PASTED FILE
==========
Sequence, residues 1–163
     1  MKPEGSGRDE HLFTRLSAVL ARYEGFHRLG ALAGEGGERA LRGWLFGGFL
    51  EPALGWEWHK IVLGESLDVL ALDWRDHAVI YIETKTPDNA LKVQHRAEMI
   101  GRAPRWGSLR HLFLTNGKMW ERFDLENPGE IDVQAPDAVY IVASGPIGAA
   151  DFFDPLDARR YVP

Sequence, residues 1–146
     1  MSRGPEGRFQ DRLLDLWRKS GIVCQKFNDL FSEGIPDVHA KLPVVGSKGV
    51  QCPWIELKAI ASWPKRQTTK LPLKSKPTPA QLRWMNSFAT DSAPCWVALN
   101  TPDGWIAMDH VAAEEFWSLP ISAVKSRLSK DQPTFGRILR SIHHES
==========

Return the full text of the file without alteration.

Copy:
Sequence, residues 1–163
     1  MKPEGSGRDE HLFTRLSAVL ARYEGFHRLG ALAGEGGERA LRGWLFGGFL
    51  EPALGWEWHK IVLGESLDVL ALDWRDHAVI YIETKTPDNA LKVQHRAEMI
   101  GRAPRWGSLR HLFLTNGKMW ERFDLENPGE IDVQAPDAVY IVASGPIGAA
   151  DFFDPLDARR YVP

Sequence, residues 1–146
     1  MSRGPEGRFQ DRLLDLWRKS GIVCQKFNDL FSEGIPDVHA KLPVVGSKGV
    51  QCPWIELKAI ASWPKRQTTK LPLKSKPTPA QLRWMNSFAT DSAPCWVALN
   101  TPDGWIAMDH VAAEEFWSLP ISAVKSRLSK DQPTFGRILR SIHHES